Steve Poltz has an identity crisis. Is he a stand-up comedian with a guitar or one of the funniest musicians ever to set foot onstage?
“I’ve had people ask me about that, and a lot of times they’ll say, ‘I don’t even know what I just saw,’” Poltz said last week by phone from a tour stop in Memphis. “I like it when they say that, ‘cause I have no clue what I’m doing. I just do it. Just go up and let it be organic, and then see where it goes.”
It goes to some pretty strange places. For over two decades, the Canadian-born singer/songwriter, co-writer (with Jewel) of the 1995 hit “You Were Meant For Me,” has been crafting quirky tunes that defy genre description and wander, topic-wide, from the sublime to the unconventional.
“Trash,” from 2008’s “Tales From the Tavern,” falls into the latter category. Poltz extrapolates a bizarre scenario from Johnny Cash’s 1958 hit “Folsom Prison Blues” based on the lyric, “I shot a man in Reno just to watch him die.” Poltz wanted to know what awoke the killer instinct in Cash.
“So my thinking was, I’m gonna come up with this outlandish idea that the person is this trans person, and Johnny Cash has sex with them,” he says.
Told from the point of view of the man Cash shot, after the brief encounter in the dark in the park, Poltz has his unnamed, doomed protagonist quoting Cash’s homicidal rant: ”He said my name is Johnny Cash / And I’m drawn to the devil / And a magnet for trash. I’m gonna shoot you / To protect my lie / He said I was a freak / and it was wrong / and that he was gonna kill me / and put me in a song / he said if people ask I’ll say / I shot a man just to watch him die.”
It’s a stunner.
“It’s really a blast doing this song, ‘cause people get really mad at me about it,” Poltz says. But he’s not just going after a cheap laugh. Poltz says the audience reaction is tempered by the way he introduces the song.
“I should say, ‘This is a really sad song. There are some lines are funny, but you’re allowed to feel sad in it.’ At first, people think it’s gonna be really funny, and then it just gets dark. Like when he’s shot, and he’s in the ambulance, and the mother holds a funeral, and no one comes, and its like, Wow! Way to bring ‘em down.”
But Poltz doesn’t let the mood of that song, nor any other dominate his sets. “There’s no rhyme of reason for what I do,” he says. “Every audience becomes this formidable force which I need to overcome. It’s a seduction of sorts.”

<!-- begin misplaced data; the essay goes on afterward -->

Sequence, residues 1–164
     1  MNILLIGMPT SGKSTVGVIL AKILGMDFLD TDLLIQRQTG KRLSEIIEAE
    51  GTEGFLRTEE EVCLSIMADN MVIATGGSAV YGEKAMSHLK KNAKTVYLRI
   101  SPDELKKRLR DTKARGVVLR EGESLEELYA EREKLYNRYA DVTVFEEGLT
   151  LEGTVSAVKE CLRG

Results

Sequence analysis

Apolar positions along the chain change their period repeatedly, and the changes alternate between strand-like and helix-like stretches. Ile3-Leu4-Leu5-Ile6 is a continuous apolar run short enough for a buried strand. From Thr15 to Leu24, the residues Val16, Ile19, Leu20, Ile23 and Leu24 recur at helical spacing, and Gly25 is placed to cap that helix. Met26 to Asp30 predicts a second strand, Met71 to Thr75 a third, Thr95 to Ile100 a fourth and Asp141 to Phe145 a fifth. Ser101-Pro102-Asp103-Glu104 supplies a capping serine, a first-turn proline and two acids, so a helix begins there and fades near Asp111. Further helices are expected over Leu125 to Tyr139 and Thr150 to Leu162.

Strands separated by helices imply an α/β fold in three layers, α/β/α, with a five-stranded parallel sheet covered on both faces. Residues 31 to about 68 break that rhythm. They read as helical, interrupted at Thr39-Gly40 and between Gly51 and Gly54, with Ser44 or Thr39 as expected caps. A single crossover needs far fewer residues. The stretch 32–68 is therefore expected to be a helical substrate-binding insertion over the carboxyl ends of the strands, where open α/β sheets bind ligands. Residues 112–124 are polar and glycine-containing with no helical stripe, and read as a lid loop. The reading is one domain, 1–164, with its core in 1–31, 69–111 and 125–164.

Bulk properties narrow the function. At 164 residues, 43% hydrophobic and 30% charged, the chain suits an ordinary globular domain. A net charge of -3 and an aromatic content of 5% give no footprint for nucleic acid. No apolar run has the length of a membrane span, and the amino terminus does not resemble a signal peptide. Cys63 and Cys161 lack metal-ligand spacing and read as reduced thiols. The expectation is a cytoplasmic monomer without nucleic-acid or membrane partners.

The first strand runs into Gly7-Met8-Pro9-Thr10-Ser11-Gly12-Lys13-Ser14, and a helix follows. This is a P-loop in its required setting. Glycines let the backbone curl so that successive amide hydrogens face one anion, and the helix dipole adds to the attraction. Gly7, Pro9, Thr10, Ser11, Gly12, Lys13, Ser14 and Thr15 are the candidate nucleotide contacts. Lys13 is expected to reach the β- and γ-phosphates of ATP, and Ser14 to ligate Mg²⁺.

Part of Poltz’s humor can be blamed on his Canadian heritage. He admits there may be something in Canadian water or in the air that produces stellar comedians. SCTV/Saturday Night Live alumnus Martin Short once said he thought it was because Canadians were exposed to Monty Python first.
“I should steal that,” Poltz says, and proceeds to do just that. “One time, I told Martin Short, ‘cause he was asking me why it was, and I said, ‘ Martin-it’s because of Monty Python. Think about it.’ And he was like, ‘Whoa!’ And a light went off in his head. And he hugged me, and he goes, ‘I gotta talk to Grant.’ And he called you. And you took credit. But that’s cool.”
But Poltz doesn’t need to steal funny ideas. His newly adopted town of Nashville provides plenty of inspiration.
“In Nashville, songs just start floating in thin air,” he says, describing the incident that triggered “Ballin’ On Wednesday,” from his latest release, “Shine On.”
Poltz went to pay his sandwich bill in a Nashville diner one Wednesday, and when he pulled out a hundred to pay a $7 tab, the cashier looked at him and said, “Ooh, ballin’ on a Wednesday.”
Poltz’s musical accompaniment sounds like Oliver Woods former jangle roots project King Johnson sharing a stage with the Kentucky Headhunters while Poltz shouts “Top shelf likker don’t get you there quicker / Let’s get Southern comfortable ...”
Poltz attributes part of the blame for his quirkiness for an unusual disorder he’s been self-diagnosed with, Oppositional Defiance Disorder.
“Yeah, ODD, its a little bit different than ADD. ODD is when somebody tells me not to do something, I go the other way. I just defy them because they said not to do it. The best way to get me to do something is to tell me not to do it.”
And just in case you thought he could be classified, Poltz pretty much shuts the door on the hope of ever being squeezed into any pigeonhole.
“I think it’s natural for us to want to quantify and organize things, put them in neat piles and stick them in specific genres and explain the unexplainable,” he says. “I think you’re right when you say, keep ‘em guessing.”